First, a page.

The opinion of the court was delivered by: WATSON
Howard H. Smith, the plaintiff in this action, seeks to recover from Joseph T. McDonald, Collector of Internal Revenue, the defendant, the amount he paid as excise tax which he contends was wrongfully assessed and paid, together with penalties and interest. The defendant filed an answer. The plaintiff moved for summary judgment which is now before the Court for disposition.
During the years 1945 through 1950, plaintiff, under the name of 'Nite-Lite Sign Company', manufactured and sold an electric sign which was designed to be attached to the roofs of taxicabs. The sign consisted of an illuminated lucite housing on which was lettered 'Taxi' or other appropriate words as required by the customer. This product was sold only to taxicab operators.
On or about May 4, 1950, the Commissioner of Internal Revenue assessed a five per cent excise tax on the sales of plaintiff's product for the period 1945 to 1950, inclusive. In imposing this excise tax, the Commissioner maintained that the plaintiff was a manufacturer of automobile parts and accessories within the definition of Section 3403(c) of the Internal Revenue Code, 26 U.S.C. § 3403(c). Plaintiff paid this tax and on March 8, 1952, filed a claim for refund which was rejected.
The averments in the complaint and admissions in the answer resolve the issue to a question of law only, that is, whether the product of the plaintiff, upon the manufacture and sale of which the excise tax was imposed, is an automobile part or accessory, as such terms were used by Congress.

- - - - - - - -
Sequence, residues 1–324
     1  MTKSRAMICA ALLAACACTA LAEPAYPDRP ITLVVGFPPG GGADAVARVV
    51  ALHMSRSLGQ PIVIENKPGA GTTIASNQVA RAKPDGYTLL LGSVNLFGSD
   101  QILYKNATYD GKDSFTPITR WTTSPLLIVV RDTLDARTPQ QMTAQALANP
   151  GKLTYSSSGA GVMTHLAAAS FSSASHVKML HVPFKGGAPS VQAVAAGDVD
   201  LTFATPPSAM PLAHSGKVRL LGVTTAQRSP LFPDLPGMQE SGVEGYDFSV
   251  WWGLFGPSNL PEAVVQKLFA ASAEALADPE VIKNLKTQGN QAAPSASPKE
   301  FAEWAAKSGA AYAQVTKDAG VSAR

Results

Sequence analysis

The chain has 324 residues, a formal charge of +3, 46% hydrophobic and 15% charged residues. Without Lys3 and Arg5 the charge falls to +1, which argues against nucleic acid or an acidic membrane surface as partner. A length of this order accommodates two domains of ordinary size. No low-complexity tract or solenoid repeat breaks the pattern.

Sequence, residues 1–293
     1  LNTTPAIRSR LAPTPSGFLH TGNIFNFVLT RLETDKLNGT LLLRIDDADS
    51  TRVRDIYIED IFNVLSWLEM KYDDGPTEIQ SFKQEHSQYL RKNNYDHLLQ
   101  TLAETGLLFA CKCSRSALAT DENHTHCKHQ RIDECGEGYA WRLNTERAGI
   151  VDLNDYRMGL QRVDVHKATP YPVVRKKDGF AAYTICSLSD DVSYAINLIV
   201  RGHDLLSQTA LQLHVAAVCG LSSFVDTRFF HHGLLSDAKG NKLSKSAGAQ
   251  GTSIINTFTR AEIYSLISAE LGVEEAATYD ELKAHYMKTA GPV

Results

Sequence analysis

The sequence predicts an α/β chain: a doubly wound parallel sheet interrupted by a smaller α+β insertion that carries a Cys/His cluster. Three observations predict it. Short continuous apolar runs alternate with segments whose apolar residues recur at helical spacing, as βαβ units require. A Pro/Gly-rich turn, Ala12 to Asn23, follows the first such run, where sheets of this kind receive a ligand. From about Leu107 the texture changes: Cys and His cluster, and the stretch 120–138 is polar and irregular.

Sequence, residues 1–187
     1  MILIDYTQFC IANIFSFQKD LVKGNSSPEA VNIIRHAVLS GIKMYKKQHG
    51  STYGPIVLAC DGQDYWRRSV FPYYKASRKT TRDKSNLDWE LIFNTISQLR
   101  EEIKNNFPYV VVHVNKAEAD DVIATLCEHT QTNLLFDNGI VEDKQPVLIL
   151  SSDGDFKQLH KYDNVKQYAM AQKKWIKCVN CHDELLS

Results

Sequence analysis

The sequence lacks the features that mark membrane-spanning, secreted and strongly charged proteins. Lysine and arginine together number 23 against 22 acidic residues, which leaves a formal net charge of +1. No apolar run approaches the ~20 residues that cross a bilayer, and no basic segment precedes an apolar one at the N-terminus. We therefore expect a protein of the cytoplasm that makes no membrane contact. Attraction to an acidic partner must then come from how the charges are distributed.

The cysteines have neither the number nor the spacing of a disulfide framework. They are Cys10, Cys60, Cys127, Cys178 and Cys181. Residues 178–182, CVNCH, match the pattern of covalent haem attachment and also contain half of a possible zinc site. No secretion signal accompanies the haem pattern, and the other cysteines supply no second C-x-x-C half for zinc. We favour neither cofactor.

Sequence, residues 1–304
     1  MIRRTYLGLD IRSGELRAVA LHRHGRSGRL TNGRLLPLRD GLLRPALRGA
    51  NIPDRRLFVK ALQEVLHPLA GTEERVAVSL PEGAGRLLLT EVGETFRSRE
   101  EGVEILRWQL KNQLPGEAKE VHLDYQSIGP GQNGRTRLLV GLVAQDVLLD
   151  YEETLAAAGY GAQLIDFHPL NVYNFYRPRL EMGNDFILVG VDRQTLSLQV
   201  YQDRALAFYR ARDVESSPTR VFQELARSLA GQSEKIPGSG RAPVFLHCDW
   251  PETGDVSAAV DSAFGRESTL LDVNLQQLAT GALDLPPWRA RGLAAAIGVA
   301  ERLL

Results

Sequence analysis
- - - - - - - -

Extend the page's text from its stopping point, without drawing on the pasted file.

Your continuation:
The test for determining whether an article is a part or accessory within the statute is whether or not it is primarily adapted for use on or in connection with vehicles enumerated in the statute. Electric Storage Battery Co. v. McCaughn, D.C.Pa., 52 F.2d 205; Universal Battery Co. v. United States, 281 U.S. 580, 50 S. Ct. 422, 74 L. Ed. 1051.
The devices in question were primarily designed and specially adapted to be attached to the roof of an automobile. They were used for no other purpose. The plaintiff's product, having been sold solely for such purpose, falls within the definition of a part or accessory. The tax was accordingly properly levied and plaintiff's motion for summary judgment must be denied.
'Rule 54(c) gives the court the power to enter the final judgment to which the prevailing party is entitled, even if the party has not demanded such relief in his pleadings, except in default judgment cases. The theory is that the form of the pleadings should not place a limitation upon the power of the court to do justice.' 3 Moore, Federal Practice, Section 56.02. So where either the proponent of a claim or the defending party moves for summary judgment, and the court finds that the moving party is not entitled thereto, but that the other party is so entitled, the court has the power to render the proper judgment, although a cross-motion was not made.
Summary judgment should be entered for the defendant and an appropriate order will be entered.
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